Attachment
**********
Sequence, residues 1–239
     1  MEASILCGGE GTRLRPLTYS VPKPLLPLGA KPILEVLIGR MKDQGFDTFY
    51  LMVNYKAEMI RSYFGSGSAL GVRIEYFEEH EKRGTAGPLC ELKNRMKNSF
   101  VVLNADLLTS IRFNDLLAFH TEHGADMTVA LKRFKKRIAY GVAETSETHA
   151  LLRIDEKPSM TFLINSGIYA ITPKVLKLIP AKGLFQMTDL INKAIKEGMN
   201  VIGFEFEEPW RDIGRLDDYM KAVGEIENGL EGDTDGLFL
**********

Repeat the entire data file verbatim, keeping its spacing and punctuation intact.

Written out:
Sequence, residues 1–239
     1  MEASILCGGE GTRLRPLTYS VPKPLLPLGA KPILEVLIGR MKDQGFDTFY
    51  LMVNYKAEMI RSYFGSGSAL GVRIEYFEEH EKRGTAGPLC ELKNRMKNSF
   101  VVLNADLLTS IRFNDLLAFH TEHGADMTVA LKRFKKRIAY GVAETSETHA
   151  LLRIDEKPSM TFLINSGIYA ITPKVLKLIP AKGLFQMTDL INKAIKEGMN
   201  VIGFEFEEPW RDIGRLDDYM KAVGEIENGL EGDTDGLFL